I can claim a small sliver of that Welles feeling with my own career highlights…on an admittedly much smaller scale.  Along the way, I’ve done regular on-air work in Radio, winning fans with what amounted to an unseen puppet character (Zoot) on a top-rated morning-show, collecting awards for creative writing/production in advertising, co-hosting a local kiddie show on TV doing the puppets and some on-camera cartooning (“Time for Uncle Paul“), enjoying favorable acclaim with local/regional onstage efforts (“Greater Tuna” and the It’s A Mystery troupe) and even snagging a slot somewhere between “extra” and “featured player” in two motion pictures with the Muppets.  If you’d asked me as a kid what I wanted to do with my life, these are the kinds of things you’d hear me mention.  They just didn’t take on quite the national prominence they might have done. 

     I’m cool with that.

     Meanwhile, with that experience, and what I’m gaining through resources never before available, and encouragement from other friends in the business, I see no reason why I couldn’t at some point hit my “Sydney Greenstreet” stage.

     I’ve still got a few years to get there.  Why stop now?

— over and out —

A Day At The Museum

14 Sep

     One piece of advice I’ve received about marketing and self-promotion is to get out in public and show what you know. So when my friend Shawntel Landavazo at the Museum of Life and Science (Durham, NC) called to ask if I’d participate in their Hollywood Special FX Day, “Heroes, Villains, and Special Effects”, it seemed like the right thing to do. It was, too!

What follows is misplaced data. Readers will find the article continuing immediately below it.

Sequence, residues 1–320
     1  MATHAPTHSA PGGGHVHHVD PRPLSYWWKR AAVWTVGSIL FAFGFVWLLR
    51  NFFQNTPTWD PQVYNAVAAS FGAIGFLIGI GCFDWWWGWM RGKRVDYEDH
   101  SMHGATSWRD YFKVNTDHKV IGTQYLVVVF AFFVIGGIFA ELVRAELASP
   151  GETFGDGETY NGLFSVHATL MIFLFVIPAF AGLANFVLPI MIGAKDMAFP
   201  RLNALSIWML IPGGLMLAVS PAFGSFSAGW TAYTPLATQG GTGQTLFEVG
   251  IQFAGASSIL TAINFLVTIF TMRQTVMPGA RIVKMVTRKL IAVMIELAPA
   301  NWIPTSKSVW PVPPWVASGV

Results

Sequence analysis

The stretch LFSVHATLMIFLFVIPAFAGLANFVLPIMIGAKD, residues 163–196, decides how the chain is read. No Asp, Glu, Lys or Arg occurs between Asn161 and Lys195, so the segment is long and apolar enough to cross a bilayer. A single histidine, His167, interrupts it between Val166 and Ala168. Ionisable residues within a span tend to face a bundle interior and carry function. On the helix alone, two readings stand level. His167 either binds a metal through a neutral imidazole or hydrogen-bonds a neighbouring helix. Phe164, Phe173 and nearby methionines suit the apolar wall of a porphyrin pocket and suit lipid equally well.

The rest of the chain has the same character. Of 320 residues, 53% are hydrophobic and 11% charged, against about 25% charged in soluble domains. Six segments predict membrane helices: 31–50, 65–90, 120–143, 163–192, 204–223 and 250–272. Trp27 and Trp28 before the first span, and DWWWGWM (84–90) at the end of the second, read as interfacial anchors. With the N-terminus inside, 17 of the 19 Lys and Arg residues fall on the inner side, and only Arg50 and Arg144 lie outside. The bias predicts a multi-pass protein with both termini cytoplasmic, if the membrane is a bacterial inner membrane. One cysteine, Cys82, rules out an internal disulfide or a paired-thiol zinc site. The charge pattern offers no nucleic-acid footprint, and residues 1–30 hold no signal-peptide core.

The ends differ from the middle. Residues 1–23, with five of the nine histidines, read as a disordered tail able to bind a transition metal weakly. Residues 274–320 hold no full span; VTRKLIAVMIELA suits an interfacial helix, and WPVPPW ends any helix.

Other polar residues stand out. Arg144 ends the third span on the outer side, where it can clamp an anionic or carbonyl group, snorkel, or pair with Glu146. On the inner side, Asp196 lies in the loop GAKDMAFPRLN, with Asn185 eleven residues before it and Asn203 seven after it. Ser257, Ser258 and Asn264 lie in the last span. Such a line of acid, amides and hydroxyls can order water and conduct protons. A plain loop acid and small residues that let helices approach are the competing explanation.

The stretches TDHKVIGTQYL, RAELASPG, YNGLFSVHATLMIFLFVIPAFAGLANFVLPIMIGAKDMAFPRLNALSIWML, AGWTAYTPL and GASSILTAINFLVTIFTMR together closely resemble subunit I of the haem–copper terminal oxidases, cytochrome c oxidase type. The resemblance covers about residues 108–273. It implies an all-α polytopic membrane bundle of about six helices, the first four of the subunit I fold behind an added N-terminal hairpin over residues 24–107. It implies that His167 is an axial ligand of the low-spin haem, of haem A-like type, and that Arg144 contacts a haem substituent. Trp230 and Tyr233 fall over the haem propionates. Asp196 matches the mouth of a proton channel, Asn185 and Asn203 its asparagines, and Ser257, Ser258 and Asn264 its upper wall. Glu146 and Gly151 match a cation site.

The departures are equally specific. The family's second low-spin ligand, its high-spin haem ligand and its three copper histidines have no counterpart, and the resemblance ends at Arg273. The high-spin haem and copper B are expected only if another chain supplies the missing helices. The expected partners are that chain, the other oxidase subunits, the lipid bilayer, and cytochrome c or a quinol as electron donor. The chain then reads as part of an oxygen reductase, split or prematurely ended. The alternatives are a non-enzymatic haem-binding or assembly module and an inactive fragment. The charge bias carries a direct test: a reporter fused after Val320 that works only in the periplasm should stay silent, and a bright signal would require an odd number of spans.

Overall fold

But be warned: demonstrating live sound effects and foley, on your feet for five hours, is physical exercise! I hadn’t thought of that. “Ready for my Icy Hot pain relief creme commercial, Mr. DeMille!

     The Museum show was a big hit, with larger-than-expected crowds. There were stuntmen doing stage combat, a pro make-up artist creating zombies, and computer SFX software developers. I spent my time showing how both recorded and foley (live to picture) sound effects made the visuals more fun to watch. I was surprised that my semi-ad-libbed flow held the attention of both kids and adults. There were a few questions about voiceovers as well.

     RGatMuseum_GunshotSpeaking of Big Hits…the part of my routine which made the biggest hit, literally, was how to have a pistol that never runs out of ammo! Take one cardboard box, one yardstick, and careful aim. After trying to synch it to an old cowboy movie, I would offer the kids a whack at it…literally.

I’m sure there are many parents now having second thoughts about letting their kids near that crazy old guy with the cornstarch snow-footsteps, the swordfights made with kitchen spoons, and the recording of a woman clearing her throat he slowed down into a dinosaur growl.

 

"Empire Rules!"

"Empire Rules!"

     The only bad part for me was that I didn’t get much time to check out the other presenters. But I did realize my hope of getting a picture with one of the Empire’s Best! The Stormtrooper was part of The Carolina Garrison. It’s the North Carolina/South Carolina chapter of the 501st Legion, part of a world-wide group of enthusiasts who craft their own Star Wars costumes and props, and make appearances at charity and community events with the blessings of Lucasfilm.